Moore and Workforce bypass Arc traffic jam
Published 04/10/2010 | 05:00
Fame And Glory's plum draw turned out to be of little advantage to the Ballydoyle team in a messy renewal of the Qatar Prix de l'Arc de Triomphe yesterday when Johnny Murtagh's mount was one of the horses caught up in traffic problems behind Workforce and Japanese raider Nakayama Festa.
But after an afternoon of largely British fare, with victories for the Clive Cox-trained Gilt Edged Girl in the Prix de l'Abbaye and Richard Fahey's Wootton Bassett in the Prix Jean-Luc Lagardere, Workforce capped it all with a return to his magnificent best in Europe's most valuable race.
The famously redundant facial muscles that make Ryan Moore smile have been getting a punishing workout this summer as first the Oaks, then Derby and now Arc have fallen to his skill and, very evident yesterday, his strength in the saddle.
It is a truism of sport that you make your own luck but even Moore admitted afterwards that when the gaps came, even the narrow ones, he had the most willing of partners.
As he carved through the field from the unpromising starting point off the rail, nearer last than first, in his wake his principal rivals were being stopped in their tracks, their progression halted by backsides and broadsides, their jockeys returning with a litany of hard-luck stories.
Workforce merely breathed in as he slipped through the first gap and asserted his muscular authority as he struck for the front when a more timid creature might have been knocked sideways.
"He got in a very good rhythm today," explained Moore. "I knew there was a lot of scrimmaging but I got a nice run. He quickened by them and switched off a little but he was always a neck in front, he stuck his head out and was always doing enough."
The biggest surprise was that it was the Japanese runner Nakayama Fiesta that made Workforce and Moore fight with every sinew and not three-times runner-up Youmzain, which will encounter less traffic on the Peripherique when he heads home today.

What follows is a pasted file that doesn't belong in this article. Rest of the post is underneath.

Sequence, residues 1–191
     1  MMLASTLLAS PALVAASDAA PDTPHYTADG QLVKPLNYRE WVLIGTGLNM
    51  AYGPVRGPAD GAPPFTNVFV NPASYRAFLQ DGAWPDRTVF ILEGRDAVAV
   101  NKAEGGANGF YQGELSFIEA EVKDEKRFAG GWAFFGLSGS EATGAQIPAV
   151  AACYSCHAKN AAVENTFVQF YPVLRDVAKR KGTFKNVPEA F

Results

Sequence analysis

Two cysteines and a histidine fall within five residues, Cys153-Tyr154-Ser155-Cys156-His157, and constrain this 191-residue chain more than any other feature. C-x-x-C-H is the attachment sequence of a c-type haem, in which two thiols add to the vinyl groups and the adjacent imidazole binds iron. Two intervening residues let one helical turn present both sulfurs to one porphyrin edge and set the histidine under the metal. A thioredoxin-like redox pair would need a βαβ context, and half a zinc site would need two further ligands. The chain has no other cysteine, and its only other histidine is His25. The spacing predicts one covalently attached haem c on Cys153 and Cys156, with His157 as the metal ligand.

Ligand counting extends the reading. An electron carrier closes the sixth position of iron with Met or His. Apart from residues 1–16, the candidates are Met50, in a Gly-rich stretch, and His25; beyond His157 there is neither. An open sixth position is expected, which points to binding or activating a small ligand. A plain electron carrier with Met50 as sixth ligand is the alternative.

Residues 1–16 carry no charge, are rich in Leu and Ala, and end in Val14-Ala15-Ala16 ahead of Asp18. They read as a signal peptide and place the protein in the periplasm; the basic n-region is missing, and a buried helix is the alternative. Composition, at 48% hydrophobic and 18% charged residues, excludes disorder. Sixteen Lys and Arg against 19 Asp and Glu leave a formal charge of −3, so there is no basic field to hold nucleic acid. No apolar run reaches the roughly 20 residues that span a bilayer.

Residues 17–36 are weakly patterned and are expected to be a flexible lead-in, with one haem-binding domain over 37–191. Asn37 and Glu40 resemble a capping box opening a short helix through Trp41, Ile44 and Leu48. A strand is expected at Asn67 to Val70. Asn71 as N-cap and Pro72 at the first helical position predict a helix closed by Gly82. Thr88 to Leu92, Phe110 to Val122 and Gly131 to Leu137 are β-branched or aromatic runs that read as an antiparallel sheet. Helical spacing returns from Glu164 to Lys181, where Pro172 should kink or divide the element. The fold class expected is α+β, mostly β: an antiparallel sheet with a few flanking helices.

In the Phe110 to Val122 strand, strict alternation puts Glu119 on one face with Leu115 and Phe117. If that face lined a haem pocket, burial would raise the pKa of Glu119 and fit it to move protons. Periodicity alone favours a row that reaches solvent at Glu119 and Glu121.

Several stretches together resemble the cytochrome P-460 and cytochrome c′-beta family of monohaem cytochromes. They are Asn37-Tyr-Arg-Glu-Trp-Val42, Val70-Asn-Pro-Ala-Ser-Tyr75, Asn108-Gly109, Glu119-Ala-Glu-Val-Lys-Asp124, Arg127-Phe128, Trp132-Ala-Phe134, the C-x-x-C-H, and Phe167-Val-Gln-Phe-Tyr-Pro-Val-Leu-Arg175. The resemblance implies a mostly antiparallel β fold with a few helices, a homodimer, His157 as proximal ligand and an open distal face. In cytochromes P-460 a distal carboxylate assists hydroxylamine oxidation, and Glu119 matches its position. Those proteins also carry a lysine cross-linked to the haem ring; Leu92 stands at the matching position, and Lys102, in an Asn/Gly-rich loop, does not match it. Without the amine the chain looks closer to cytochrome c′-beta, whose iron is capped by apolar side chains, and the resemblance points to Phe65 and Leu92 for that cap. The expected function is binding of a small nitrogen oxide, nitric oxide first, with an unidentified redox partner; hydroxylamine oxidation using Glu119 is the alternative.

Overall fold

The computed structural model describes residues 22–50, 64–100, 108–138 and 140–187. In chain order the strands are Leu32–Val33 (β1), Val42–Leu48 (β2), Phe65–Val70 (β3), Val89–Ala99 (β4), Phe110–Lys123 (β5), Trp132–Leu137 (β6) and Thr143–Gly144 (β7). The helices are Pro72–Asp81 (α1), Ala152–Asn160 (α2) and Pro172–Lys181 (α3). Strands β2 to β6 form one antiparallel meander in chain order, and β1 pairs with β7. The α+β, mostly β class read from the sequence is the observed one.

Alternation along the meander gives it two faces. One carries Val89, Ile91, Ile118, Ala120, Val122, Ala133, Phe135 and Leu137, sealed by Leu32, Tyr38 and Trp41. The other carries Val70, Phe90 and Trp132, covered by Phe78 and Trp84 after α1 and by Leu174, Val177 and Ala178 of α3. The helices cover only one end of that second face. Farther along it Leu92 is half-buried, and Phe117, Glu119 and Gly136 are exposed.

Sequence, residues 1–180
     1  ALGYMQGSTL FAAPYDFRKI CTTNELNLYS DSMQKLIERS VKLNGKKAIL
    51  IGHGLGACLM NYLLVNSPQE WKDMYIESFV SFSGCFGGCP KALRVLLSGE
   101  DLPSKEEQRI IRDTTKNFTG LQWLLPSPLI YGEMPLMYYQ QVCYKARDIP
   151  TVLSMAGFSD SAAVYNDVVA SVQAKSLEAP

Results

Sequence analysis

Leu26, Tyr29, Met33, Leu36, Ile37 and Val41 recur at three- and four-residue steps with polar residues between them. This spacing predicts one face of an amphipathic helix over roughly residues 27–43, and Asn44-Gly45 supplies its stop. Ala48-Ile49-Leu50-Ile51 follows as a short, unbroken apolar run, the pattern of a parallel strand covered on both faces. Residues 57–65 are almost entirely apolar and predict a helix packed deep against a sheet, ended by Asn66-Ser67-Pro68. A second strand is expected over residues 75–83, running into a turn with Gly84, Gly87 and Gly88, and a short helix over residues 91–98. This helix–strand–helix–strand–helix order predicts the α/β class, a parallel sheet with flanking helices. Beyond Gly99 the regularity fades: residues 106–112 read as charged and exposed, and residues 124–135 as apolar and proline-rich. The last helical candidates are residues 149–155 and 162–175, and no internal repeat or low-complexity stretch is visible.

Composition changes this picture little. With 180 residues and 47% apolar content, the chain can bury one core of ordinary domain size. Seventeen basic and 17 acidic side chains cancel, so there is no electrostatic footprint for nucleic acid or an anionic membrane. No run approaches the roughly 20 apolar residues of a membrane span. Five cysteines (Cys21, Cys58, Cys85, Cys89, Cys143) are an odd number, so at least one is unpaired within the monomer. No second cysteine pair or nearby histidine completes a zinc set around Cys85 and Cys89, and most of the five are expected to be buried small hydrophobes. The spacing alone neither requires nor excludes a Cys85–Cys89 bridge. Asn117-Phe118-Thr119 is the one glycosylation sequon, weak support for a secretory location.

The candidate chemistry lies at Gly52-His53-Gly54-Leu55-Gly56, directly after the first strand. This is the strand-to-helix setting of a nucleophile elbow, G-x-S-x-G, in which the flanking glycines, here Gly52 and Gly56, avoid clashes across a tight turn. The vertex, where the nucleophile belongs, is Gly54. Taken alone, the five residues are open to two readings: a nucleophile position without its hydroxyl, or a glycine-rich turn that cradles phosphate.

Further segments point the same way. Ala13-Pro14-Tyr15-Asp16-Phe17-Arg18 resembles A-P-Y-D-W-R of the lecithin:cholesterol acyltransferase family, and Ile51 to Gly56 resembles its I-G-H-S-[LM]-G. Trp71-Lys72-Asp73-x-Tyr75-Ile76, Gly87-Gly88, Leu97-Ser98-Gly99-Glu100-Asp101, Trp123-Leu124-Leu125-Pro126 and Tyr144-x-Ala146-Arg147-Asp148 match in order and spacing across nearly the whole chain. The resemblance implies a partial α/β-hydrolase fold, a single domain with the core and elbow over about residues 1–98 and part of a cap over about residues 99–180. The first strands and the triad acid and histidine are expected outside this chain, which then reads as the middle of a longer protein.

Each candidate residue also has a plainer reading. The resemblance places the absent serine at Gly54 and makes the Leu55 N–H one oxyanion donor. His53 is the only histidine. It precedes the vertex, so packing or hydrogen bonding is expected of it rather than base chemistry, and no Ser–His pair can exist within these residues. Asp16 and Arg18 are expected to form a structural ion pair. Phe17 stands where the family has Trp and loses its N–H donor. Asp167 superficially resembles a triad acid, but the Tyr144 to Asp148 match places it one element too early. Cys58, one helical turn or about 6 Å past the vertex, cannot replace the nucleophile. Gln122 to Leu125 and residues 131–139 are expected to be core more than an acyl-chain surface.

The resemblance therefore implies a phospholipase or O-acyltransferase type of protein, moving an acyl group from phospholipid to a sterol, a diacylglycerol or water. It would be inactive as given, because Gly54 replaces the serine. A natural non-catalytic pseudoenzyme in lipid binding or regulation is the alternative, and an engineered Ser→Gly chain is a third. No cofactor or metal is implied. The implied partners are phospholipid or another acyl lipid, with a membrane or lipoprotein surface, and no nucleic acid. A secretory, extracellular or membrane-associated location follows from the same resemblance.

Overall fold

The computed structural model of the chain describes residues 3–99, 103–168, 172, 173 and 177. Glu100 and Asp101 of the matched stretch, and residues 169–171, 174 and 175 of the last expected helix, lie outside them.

It was certainly not the Aga Khan's or Ballydoyle's lucky day as far as the Arc was concerned, their horses all coming off second best in the rough and tumble of Longchamp's last three furlongs.
The Aga Khan's pair Sarafina, which was almost brought down when badly impeded early in the straight, and Behkabad filled the third and fourth berths with Fame And Glory in fifth, a place ahead of where he ended up a year ago behind compatriot Sea The Stars.
Murtagh's mount was thought to have secured a distinct advantage when drawn beside the inside rail and initially that theory looked spot-on, with the Montjeu colt travelling nicely as Planteur's pacemaker Pouvoir Absolu and Fame And Glory's stablemate Midas Touch brought them along.
But the race began to develop in earnest when Planteur was gifted the inside turning for home with Fame And Glory following him through as the other prime fancies began to line up wider out to launch what proved more judicious bids for stardom. Just as Fame And Glory began to motor, his passage was blocked; Murtagh had to take evasive action and by then, the principals had sorted themselves out with the exception of Sarafina, which then began to eat up the ground on the far outside for Gerald Mosse.
When the notoriously pernickety French stewards finally untangled the succession of chain reactions, they threw out the seventh, Planteur.
It seems a long time ago since Workforce carved through the Derby field in similar fashion back in early June in a race that has subsequently been panned as substandard. For the last three years the Derby winner has finished the season as the best middle distance horse in Europe and, after the hiccup of the King George, it's clear the Epsom race retains its position as the world's pre-eminent Classic.
There is a good chance that Workforce will stay in training next year but for Goldikova -- given a sublime ride by Olivier Peslier to see off Paco Boy in the Prix de la Foret to beat Miesque's record of 10 Group Ones -- there is one final hurrah, the Breeders' Cup Mile at Churchill Downs in a month's time when she bids to become the first three-times Breeders' Cup winner. (© Daily Telegraph, London)